"The Security Council requests the Secretary-General to keep it regularly informed of the situation. It will remain actively seized of the matter."
Report of the Secretary-General
When the Security Council met this afternoon it had before it a 24 February report of the Secretary-General on the United Nations Transitional Administration for Eastern Slavonia, Baranja and Western Sirmium (UNTAES) (document S/1997/148).
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The report states that, following consultations with the Government of Croatia, the Transitional Administrator has decided that elections in the region will be held on 13 April 1997, simultaneously with elections to be held throughout Croatia. With that announcement, however, UNTAES is encountering challenges in a number of critical areas. Successful, free and fair elections will depend on the wisdom and realism demonstrated by the Serb leadership and people and by will of the Croatian Government to meet all necessary technical requirements. Long-term success will be determined by the commitment of the Croatian authorities to guaranteeing equal rights to Serbs currently resident in the region, the report states.
According to the report, UNTAES has reported a growing rift between moderate Serb leaders who wish to stay in Croatia and others who are intimidating the majority of residents and obstructing the exercise of their rights. On 31 January, UNTAES and the Government of Croatia agreed on expedited procedures for voter registration and the issuance of Croatian documents. Implementation of those procedures has been very uneven and concerns have been raised by the Serbs. While the Croatian Foreign Ministry has claimed a high percentage of document issuance, UNTAES had been unable to verify that claim. Furthermore, it is clear that most males of draft age have not been able to obtain Croatian passports. It is also vital that crucial issues concerning the long-term future of displaced persons in the region be resolved, including equal treatment with respect to housing, reconstruction grants and property compensation.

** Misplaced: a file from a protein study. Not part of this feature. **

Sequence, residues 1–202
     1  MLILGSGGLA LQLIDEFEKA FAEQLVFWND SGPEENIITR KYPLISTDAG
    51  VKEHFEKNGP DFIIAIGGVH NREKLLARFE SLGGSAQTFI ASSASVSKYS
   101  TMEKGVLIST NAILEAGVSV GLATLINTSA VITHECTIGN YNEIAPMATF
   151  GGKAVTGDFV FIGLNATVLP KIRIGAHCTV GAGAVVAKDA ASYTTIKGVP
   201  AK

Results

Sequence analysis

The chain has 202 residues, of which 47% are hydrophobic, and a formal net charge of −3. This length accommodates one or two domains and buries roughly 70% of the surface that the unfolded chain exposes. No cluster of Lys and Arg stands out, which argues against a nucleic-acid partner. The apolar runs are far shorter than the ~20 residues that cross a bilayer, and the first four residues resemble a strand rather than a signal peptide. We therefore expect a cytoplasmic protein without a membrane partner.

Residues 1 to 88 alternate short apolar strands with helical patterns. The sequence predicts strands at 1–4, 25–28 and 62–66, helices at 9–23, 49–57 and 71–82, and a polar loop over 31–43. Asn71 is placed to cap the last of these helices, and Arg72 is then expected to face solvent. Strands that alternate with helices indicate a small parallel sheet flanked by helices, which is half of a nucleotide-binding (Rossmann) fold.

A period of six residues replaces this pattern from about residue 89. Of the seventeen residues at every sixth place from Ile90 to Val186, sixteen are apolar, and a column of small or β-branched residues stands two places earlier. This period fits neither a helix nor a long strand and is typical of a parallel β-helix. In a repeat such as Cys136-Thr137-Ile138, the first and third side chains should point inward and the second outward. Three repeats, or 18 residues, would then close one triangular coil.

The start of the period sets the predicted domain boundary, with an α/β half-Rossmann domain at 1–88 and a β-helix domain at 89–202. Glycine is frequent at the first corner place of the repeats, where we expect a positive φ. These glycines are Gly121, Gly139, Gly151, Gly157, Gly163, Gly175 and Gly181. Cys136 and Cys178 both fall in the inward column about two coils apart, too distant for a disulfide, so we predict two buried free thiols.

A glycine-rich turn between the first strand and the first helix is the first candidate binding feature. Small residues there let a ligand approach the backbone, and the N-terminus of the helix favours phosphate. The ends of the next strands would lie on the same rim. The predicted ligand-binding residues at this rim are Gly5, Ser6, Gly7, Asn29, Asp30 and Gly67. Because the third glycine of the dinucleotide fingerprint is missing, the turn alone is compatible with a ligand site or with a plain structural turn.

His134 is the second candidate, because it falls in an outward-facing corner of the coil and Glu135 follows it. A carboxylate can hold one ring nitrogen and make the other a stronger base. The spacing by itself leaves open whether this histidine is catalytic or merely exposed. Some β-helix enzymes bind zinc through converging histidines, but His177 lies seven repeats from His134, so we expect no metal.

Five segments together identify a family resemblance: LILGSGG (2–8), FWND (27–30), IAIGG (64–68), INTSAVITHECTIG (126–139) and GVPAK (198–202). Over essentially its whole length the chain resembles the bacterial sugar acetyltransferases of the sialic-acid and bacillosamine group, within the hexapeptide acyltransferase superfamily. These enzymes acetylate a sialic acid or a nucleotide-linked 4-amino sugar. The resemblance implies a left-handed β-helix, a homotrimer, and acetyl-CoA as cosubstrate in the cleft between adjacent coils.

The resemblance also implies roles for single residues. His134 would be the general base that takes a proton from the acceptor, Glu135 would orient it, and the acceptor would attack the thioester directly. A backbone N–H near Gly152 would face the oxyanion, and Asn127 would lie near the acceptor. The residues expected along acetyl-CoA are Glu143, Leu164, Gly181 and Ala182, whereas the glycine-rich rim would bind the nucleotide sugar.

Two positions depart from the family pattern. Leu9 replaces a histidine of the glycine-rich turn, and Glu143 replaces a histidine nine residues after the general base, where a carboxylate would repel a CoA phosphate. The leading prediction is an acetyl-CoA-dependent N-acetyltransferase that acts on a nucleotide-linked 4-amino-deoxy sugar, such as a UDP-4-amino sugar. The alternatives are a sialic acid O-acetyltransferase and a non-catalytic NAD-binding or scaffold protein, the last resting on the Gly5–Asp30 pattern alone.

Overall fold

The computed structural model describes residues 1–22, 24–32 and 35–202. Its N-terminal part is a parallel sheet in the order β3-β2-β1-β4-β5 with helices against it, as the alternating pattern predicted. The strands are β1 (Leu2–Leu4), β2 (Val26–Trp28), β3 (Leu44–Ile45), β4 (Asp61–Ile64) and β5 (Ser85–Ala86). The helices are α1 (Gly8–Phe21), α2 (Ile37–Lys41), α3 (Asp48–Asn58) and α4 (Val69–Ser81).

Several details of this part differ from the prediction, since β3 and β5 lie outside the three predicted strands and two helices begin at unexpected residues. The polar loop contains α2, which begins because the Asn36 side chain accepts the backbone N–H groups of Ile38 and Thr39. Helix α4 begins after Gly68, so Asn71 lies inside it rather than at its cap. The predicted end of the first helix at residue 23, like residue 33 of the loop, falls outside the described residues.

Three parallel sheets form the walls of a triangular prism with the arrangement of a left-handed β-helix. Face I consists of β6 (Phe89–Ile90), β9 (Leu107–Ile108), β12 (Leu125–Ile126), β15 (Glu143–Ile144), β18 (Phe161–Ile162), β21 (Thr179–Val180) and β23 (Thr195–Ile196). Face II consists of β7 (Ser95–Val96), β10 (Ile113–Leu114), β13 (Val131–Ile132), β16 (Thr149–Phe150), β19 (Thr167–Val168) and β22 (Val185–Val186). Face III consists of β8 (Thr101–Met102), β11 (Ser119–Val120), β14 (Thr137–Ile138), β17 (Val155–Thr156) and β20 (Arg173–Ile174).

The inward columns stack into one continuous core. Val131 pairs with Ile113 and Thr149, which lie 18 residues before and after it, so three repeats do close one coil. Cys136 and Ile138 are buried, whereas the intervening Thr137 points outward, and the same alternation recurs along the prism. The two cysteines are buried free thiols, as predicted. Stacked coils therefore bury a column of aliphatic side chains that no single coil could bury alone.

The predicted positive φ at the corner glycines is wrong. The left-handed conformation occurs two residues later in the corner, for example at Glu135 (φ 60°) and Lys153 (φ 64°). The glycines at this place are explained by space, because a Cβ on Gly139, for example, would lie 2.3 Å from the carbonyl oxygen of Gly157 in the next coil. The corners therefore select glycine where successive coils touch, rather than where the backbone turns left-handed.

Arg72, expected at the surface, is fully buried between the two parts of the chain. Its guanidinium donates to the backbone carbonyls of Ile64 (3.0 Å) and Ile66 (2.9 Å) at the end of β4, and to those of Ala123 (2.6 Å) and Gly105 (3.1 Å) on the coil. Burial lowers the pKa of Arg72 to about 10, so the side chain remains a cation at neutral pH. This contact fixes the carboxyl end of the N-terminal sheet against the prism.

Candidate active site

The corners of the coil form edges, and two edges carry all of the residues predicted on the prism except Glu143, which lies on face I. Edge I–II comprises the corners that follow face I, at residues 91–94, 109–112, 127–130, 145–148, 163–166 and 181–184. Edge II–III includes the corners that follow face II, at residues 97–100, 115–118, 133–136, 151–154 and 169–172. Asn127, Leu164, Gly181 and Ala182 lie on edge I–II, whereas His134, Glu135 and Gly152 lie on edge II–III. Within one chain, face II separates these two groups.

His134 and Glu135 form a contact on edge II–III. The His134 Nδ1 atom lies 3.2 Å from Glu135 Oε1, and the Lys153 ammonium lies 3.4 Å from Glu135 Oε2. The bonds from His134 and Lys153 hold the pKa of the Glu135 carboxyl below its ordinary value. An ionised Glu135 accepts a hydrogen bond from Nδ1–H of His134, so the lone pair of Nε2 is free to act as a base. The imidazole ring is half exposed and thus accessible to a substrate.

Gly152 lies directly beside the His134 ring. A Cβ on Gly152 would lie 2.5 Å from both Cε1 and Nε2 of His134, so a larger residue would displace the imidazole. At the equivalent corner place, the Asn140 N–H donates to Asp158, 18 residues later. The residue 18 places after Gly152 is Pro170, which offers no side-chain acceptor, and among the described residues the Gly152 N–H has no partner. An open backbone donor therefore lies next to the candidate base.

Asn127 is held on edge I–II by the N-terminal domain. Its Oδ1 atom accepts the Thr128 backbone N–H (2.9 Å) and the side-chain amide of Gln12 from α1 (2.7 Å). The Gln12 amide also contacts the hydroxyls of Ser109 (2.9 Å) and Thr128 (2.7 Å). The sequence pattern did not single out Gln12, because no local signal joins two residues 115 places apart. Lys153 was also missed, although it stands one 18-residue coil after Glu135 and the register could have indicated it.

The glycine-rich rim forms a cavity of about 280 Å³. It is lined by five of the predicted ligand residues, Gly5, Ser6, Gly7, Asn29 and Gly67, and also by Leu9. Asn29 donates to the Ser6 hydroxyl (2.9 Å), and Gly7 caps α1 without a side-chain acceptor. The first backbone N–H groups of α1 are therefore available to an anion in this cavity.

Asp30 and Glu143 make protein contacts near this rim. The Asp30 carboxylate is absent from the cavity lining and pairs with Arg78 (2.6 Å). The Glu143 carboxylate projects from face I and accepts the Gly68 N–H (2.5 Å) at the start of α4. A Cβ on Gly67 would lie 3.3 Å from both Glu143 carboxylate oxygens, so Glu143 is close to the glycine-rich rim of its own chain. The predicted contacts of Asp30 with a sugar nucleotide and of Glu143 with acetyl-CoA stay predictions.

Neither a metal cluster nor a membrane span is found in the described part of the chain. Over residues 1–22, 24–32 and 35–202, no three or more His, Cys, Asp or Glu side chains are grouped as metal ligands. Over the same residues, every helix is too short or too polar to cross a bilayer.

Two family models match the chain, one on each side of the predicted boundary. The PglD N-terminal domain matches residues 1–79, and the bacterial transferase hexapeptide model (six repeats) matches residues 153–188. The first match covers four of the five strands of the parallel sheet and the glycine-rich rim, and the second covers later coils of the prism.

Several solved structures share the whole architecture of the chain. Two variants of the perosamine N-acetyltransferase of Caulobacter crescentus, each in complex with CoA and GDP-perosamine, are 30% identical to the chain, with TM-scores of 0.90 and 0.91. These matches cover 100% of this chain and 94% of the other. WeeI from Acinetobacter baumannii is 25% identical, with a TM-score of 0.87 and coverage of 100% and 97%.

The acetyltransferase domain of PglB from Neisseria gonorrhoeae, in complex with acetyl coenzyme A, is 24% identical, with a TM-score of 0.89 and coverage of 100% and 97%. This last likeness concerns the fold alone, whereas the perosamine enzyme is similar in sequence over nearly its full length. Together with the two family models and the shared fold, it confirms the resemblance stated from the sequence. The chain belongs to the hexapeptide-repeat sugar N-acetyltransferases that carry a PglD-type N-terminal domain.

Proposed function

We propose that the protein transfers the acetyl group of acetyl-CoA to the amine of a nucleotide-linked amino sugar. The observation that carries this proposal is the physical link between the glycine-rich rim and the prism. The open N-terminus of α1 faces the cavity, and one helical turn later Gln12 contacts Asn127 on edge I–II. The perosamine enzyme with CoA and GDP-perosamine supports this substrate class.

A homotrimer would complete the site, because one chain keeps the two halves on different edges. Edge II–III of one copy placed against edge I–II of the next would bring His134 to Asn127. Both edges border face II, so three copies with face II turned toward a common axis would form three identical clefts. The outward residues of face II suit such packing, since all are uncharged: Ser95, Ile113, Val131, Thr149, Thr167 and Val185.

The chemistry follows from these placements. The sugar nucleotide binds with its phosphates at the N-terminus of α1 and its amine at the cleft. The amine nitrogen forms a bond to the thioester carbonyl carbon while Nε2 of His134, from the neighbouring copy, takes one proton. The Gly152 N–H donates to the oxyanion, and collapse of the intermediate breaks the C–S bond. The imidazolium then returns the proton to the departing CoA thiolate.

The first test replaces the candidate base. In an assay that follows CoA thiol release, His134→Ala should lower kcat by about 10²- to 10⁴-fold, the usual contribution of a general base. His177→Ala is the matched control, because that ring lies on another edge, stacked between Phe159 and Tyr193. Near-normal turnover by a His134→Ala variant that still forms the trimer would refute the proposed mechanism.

The Secretary-General expresses his concern about the recent increase in the number of people leaving the region, which could constitute a threat to regional peace. The success of peaceful reintegration and the proof of Croatian good intent will depend largely on the confidence-building measures taken by the Government of Croatia. Croatia, however, had not yet confirmed the oral agreements made to UNTAES in relation to international monitoring of the implementation of their commitments. A formal public confirmation by the Government of Croatia of its commitments would go a long way towards reassuring those Serbs who are currently inclined to leave the region.